Last week I attended jQuery Russia 2013 which was held at Digital October (my favorite venue) in Moscow. The conference was organized by a local HR company called ITmozg and they’ve done a fairly good job.
He also mentioned that people often refer to jQuery being slow, and most of the time it’s not even jQuery’s fault:
This is not jQuery being slow, it’s that bad jQuery plugin.
The other noteworthy session was Eric Mann’s about web sockets, and a pretty interesting Menehune library for jQuery.
Overall, the event was okay. Not great! But okay. I guess I was expecting more out of a $400 conference, stuffed with sponsors (including the stage), or maybe I’m just used to WordCamps :) Anyway, I met a bunch of folks, a few old friends. I didn’t stay for the after-party, but I’m pretty sure it was good.
Will I attend next year? Probably not.
Last week I attended WordPress Kitchen in Kiev, Ukraine – a little informal conference about all things WordPress. One whole day with around 70 attendees, 9 sessions and a great deal of fun.
I learned about WordPress Kitchen a few weeks before the event and immediately reached out to the organizing team to see what they were up to. The event was mostly organized by Pingbull, a web development agency scattered between Oslo, Stockholm and Kiev. They were all super friendly and nice.
The event was held in an anti-cafe called Besedniza. Nine sessions total, one in English, one in Ukrainian and the rest in Russian. The speakers were mostly developers, quite a few of them from Pingbull. They covered some interesting topics, most of which were directly related to WordPress, including a session about why one should not pick WordPress.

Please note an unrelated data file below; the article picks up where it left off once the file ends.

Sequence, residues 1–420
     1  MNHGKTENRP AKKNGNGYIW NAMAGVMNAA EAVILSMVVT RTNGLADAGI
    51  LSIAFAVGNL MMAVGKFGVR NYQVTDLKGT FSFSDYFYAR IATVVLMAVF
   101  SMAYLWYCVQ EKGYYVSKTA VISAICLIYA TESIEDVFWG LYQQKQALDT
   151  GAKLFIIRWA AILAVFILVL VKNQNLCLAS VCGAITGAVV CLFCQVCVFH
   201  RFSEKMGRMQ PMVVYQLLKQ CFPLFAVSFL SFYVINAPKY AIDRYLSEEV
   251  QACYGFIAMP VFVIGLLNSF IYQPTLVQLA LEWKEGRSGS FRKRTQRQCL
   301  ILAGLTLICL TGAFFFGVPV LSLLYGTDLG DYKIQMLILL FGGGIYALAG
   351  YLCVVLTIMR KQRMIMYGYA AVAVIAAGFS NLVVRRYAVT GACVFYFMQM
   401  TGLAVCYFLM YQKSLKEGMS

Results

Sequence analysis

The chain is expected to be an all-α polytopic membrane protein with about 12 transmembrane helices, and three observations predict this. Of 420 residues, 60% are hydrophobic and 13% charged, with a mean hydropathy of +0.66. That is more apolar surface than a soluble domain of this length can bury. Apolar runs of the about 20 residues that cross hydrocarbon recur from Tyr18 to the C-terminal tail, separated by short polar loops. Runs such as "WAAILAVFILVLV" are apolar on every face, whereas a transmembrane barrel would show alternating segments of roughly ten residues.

The after-party was at a bar nearby, with some food, lots of drinks, jokes, laughter and a boxing match between Klitschko and Povetkin — Klitschko obviously won.
This was my first time in Kiev and my first time in Ukraine. I stayed there for three days in quite a nice hotel called Alfavito. Walking around the streets felt a lot like Russia, especially Magnitogorsk – the city I lived in right before I moved to Moscow.
Huge thanks to everyone involved in making WordPress Kitchen happen. I hope to come back to Ukraine very soon for another WordPress event or two, hopefully leading up to the first WordCamp Ukraine in 2014.
If you have ever planned a WordCamp or any other similar event, you know that it’s a lot of hard work – speakers wrangling, volunteers, venue, food, drinks, video, photos and everything else. And now that it’s all over, let’s talk about WordCamp Russia.
This was my second WordCamp San Francisco, and I absolutely loved it. I haven’t attended too much of the sessions, most notably: Mark Jaquith on deploying, code UX by Nikolay Bachiyski, funny theme stories by Ian Stewart, introduction of the O2 theme by Beau Lebens, roles and caps by Andrew Nacin and obviously State of the Word, by Matt Mullenweg, speaking of which, I was named “recent rockstar” for the 3.6 release cycle (along with quite a few other awesome folks), which I’m so proud of.